Facebook finally hides your phone number … after exposing it for nine months

facebook evilIf you’ve used Facebook on your mobile phone before, then you probably have also used at least one mobile app that requires access to your email address.  The only problem is, there’s a bug that causes Facebook to return your 10-digit phone number instead, and it took a solid nine months before the team finally decided to resolve the privacy breach.

A report of the phone number issue was brought to Facebook’s attention as early as June of last year and was posted on the developer site, where it was immediately confirmed as a bug.  According to the report, instead of receiving the expected properly formatted user’s email address via the graph API, at least one of a thousand queries return a 10-digit phone number.

Other app developers have actually experienced a higher frequency of this bug.  The American Legacy Foundation, the non-profit org behind Ubiquitous, reported that they were retrieving one phone number for every 200 queries.

Though the bug is now completely patched, there really is no way to know if app developers who’ve encountered this bug in the past actually used the information exposure to their advantage by calling up users on their phones (or harvesting and selling that information to phone list services).  The fact that the social networking site twiddled its thumbs for nine months while this bug remained unresolved gives privacy die-hards more reason to believe that Facebook, rather than help you protect your personal information, is secretly selling it to the highest bidder.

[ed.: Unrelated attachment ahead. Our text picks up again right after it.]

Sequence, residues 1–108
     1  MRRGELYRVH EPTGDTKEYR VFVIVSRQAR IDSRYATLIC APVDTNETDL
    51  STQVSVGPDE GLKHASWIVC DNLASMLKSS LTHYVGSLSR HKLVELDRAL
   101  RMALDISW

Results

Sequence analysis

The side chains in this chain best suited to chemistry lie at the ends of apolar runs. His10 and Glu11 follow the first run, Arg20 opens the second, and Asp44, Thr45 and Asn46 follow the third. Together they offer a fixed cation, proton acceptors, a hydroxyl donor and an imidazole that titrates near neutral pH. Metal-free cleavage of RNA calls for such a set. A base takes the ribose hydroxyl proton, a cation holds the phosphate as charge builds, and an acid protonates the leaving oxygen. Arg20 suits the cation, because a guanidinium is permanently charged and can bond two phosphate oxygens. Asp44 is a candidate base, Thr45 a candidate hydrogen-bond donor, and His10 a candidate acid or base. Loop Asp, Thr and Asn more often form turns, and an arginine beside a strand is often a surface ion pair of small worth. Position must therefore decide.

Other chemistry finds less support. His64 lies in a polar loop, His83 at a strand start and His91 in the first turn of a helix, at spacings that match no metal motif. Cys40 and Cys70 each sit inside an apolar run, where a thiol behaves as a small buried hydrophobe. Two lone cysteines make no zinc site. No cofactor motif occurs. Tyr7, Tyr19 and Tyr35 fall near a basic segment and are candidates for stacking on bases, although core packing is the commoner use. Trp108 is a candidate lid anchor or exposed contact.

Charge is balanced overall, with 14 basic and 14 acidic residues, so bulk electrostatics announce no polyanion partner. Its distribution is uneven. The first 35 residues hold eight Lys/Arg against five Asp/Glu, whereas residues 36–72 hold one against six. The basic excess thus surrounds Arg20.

Graph Search, Facebook’s latest feature that lets users search their friends’ data using simple, specific phrases (like ‘photos my friends took in New York City’), is apparently also a potential threat to users’ privacy.  Here’s to hoping that Facebook watches this new tool’s activity like a hawk before it gets out of control (like, before “frenemies” in your circle sift through your old posts using cleverly phrased queries and find out details about your life you thought were safely under the radar).


Looks like there’s more to this story that we didn’t know.  The report we read as basis for this article had some of the details wrong, so we’d like to apologize and issue this correction:

According to Fred Wolens, Facebook Policy Communications, any FB user could sign up to Facebook with either an email address or a phone number, and if that user decided to not give an email address, “in keeping with the users privacy we provided the phone number since this was the piece of registrant information used”. Also, users are given ample warning by applications before sharing personal information, and in the case of giving out a phone number, it may be called an email address (in the absence of one). The real bug is the mislabeling of the API call, calling a phone number an email address. It has been corrected.

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